Yep. sim is additionally bad because it prevents the AI from meaningfully defending against manipulation by others. It's worse than that, even, since the AI can't even let the principal use general tools the AI provides (i.e. a fortress) to defend against being manipulated from outside. In the limit, this might result in the AI manipulating the principals on the behalf of others who would've counterfactually influenced them. I consider the version I've provided to be obviously inadequate, and this is another pointer as to why.

Towards the end of the document, when I discuss time, I mention that it probably makes sense to take the P(V|pi_0) counterfactual for just the expected timestep, rather than across a broader swath of time. This helps alleviate some of the weirdness. Consider, for instance, a setup where the AI uses a quantum coin to randomly take no action with a 1/10^30 chance each minute, and otherwise it acts normally. We might model P(V|pi_0) as the machine's model of what the principal's values would be like if it randomly froze due to the quantum coin. Because it's localized in time I expect this is basically just "what the human currently values if the AI isn't taking immediate actions." This version of the AI would certainly be able to help defend the principal from outside manipulation, such as by (on demand) building the principal a secure fortress. Even though in aggregate that principal's values diverge from the counterfactual where the AI always flipped the coin such that it took no action, the principal's values will probably be very similar to a counterfactual where the coin flip caused the machine to freeze for one minute.

Apologies for the feeling of a rug-pull. I do think corrigibility is a path to avoiding to having to have an a-priori understanding of human values, but I admit that the formalism proposed here involves the machine needing to develop at least a rough understanding of human values so that it knows how to avoid (locally) disrupting them. I think these are distinct features, and that corrigibility remains promising in how it sidesteps the need for an a-priori model. I definitely agree that it's disheartening how little progress there's been on this front over the years.

Want to explain a bit about how you'd go about doing this?

I don't think there's a particular trick, here. I can verify a certain amount of wisdom, and have already used that to gain some trust in various people. I'd go to the people I trust and ask them how they'd solve the problem, then try to spot common techniques and look for people who were pointed to independently. I'd attempt to get to know people who were widely seen as trustworthy and understand why they had that reputation and try not to get Goodharted too hard. I'd try to get as much diversity as was reasonable while also still keeping the quality bar high, since diverse consensus is more robust than groupthink consensus. I'd try to select for old people who seem like they've been under intense pressure and thrived without changing deeply as people in the process. I'd try to select for people who were capable of cooperating and changing their minds when confronted by logic. I'd try to select for people who didn't have much vested interest, and seemed to me, in the days I spent with them, to be focused on legacy, principles, and the good of the many.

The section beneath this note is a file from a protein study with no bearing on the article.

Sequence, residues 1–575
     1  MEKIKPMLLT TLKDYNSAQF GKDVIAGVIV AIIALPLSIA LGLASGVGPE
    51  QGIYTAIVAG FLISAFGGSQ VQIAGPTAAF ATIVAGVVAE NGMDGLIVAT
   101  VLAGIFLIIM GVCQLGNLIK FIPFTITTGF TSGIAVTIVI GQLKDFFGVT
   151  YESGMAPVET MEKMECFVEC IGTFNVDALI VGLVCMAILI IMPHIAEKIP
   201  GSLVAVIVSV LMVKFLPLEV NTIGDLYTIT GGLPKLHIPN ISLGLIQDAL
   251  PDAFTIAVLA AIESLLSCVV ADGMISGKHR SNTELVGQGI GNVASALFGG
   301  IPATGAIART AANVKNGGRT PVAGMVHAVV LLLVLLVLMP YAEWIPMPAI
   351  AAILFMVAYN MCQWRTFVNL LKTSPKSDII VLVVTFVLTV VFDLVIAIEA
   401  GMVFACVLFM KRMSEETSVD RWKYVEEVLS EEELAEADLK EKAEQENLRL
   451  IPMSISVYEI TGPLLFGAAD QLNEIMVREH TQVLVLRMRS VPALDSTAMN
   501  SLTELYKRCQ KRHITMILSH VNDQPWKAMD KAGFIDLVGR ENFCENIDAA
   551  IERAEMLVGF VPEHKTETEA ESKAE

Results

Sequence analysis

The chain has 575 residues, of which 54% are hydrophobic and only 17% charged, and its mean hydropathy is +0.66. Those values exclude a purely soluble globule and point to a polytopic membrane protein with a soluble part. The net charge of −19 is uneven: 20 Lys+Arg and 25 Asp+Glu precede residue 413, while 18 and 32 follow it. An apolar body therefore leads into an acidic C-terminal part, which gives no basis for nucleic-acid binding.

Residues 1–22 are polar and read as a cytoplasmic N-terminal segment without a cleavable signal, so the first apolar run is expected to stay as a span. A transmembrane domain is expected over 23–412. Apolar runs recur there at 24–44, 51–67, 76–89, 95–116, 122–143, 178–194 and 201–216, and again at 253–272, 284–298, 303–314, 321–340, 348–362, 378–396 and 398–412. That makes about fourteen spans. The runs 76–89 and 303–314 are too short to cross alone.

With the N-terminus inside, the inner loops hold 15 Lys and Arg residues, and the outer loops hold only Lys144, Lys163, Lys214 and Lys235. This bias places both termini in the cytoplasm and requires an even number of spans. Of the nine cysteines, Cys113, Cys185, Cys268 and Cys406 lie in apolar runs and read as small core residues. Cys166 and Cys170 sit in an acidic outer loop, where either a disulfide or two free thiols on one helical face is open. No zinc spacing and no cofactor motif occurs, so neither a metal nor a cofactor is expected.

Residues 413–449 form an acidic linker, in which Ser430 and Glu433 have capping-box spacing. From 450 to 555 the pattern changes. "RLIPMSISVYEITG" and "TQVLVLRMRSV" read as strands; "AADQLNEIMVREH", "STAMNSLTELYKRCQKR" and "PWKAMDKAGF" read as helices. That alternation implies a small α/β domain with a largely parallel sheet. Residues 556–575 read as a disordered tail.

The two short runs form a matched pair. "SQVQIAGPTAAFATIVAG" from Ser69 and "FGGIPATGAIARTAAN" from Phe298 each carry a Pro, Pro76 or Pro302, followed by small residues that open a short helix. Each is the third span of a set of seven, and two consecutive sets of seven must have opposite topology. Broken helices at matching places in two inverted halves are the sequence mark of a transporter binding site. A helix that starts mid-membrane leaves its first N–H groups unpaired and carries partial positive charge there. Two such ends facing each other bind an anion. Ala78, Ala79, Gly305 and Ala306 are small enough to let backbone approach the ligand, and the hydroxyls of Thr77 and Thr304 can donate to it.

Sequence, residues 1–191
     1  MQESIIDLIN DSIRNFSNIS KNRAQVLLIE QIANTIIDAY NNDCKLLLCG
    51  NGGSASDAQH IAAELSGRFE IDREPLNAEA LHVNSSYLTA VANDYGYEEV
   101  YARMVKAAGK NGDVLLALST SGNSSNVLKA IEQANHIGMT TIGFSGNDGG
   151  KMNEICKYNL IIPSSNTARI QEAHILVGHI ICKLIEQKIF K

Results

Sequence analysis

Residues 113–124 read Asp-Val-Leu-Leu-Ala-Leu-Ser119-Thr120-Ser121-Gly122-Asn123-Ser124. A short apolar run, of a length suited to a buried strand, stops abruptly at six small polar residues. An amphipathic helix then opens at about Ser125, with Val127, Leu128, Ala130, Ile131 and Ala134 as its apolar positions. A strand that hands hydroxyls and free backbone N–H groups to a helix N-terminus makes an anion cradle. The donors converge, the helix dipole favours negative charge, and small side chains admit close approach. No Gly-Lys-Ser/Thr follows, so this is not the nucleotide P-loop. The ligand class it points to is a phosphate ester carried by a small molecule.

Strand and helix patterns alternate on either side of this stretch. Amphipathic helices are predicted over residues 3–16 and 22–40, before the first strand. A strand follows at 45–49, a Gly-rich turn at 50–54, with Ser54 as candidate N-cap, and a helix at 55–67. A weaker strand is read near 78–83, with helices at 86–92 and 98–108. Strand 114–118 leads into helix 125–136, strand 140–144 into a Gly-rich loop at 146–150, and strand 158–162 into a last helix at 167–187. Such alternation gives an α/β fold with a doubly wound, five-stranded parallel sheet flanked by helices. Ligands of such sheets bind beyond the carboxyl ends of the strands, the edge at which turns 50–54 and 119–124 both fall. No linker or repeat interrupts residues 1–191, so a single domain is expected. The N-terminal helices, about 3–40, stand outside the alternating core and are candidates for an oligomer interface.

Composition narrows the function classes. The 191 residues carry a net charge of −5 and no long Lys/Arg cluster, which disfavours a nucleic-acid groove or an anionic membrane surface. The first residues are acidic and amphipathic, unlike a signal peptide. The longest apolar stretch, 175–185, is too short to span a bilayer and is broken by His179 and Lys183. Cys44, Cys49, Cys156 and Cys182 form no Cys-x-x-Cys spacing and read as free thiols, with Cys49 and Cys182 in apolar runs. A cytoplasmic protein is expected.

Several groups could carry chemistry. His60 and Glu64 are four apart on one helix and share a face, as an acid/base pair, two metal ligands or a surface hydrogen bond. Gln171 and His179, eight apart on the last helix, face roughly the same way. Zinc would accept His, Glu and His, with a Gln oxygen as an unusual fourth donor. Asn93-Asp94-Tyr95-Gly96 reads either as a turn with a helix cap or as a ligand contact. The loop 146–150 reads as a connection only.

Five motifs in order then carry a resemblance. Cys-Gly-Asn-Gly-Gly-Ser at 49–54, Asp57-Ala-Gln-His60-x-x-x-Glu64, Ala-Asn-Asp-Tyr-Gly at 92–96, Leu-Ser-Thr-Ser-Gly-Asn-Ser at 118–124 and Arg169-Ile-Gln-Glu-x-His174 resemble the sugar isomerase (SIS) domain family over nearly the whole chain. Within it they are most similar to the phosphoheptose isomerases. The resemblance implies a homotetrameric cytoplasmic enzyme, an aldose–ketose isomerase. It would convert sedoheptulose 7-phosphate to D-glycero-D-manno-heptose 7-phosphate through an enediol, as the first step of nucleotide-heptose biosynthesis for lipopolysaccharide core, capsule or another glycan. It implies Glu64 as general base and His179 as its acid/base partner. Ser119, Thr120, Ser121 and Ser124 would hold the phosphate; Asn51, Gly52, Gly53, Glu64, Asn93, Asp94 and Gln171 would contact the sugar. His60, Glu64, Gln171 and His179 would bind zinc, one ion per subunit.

To be clear, I don't think I could reliably pull this off if people were optimizing for manipulating, deceiving, and pressuring me. :shrug:

I think this means you should be extra careful not to inadvertently make people too optimistic about alignment, which would make coordination to stop capabilities research even harder than it already is. For example you said that you "like" the visualization of 5 humans selected by various governments, without mentioning that you don't trust governments to do this, which seems like a mistake?

I agree that false hope is a risk. In these documents I've tried to emphasize that I don't think this path is easy. I feel torn between people like you and Eliezer who take my tone as being overly hopeful and the various non-doomers who I've talked to about this work who see me as overly doomy. Suggestions welcome.

I said I like the visualization because I do! I think I'd feel very happy if the governments of the world selected 5 people on the basis of wisdom and sanity to be the governors of AGI and the stewards of the future. Similarly, I like the thought of an AGI laboratory doing a slow and careful training process even when all signs point to the thing being safe. I don't trust governments to actually select stewards of the future just as I don't expect frontier labs to go slow and be sufficiently careful. But having strong conceptualizations of what success might look like is integral, I think, to actually succeeding.

1) I'm pretty bearish on standard value uncertainty for standard MIRI reasons. I think a correct formulation of corrigibility will say that even if you (the agent) knows what the principal wants, deep in their heart, you should not optimize for it unless they direct you to do so. I explore this formally in 3b, when I talk about the distinction between sampling counterfactual values from the actual belief state over values ("P") vs a simplicity-weighted distribution ("Q"). I do think that value "uncertainty" is important in the sense that it's important for the agent to not be anchoring too heavily on any particular object-level optimization target. (I could write more words, but I suspect reading the next posts in my sequence would be a good first step if you want more of my perspective.)

2) I think reversibility is probably best seen as an emergent desideratum from corrigibility rather than vice versa. There are plenty of instances where the corrigible thing to do is to take an irreversible action, as can be seen in many of the stories, above.

You're welcome! I'm glad you're enjoying it. ^_^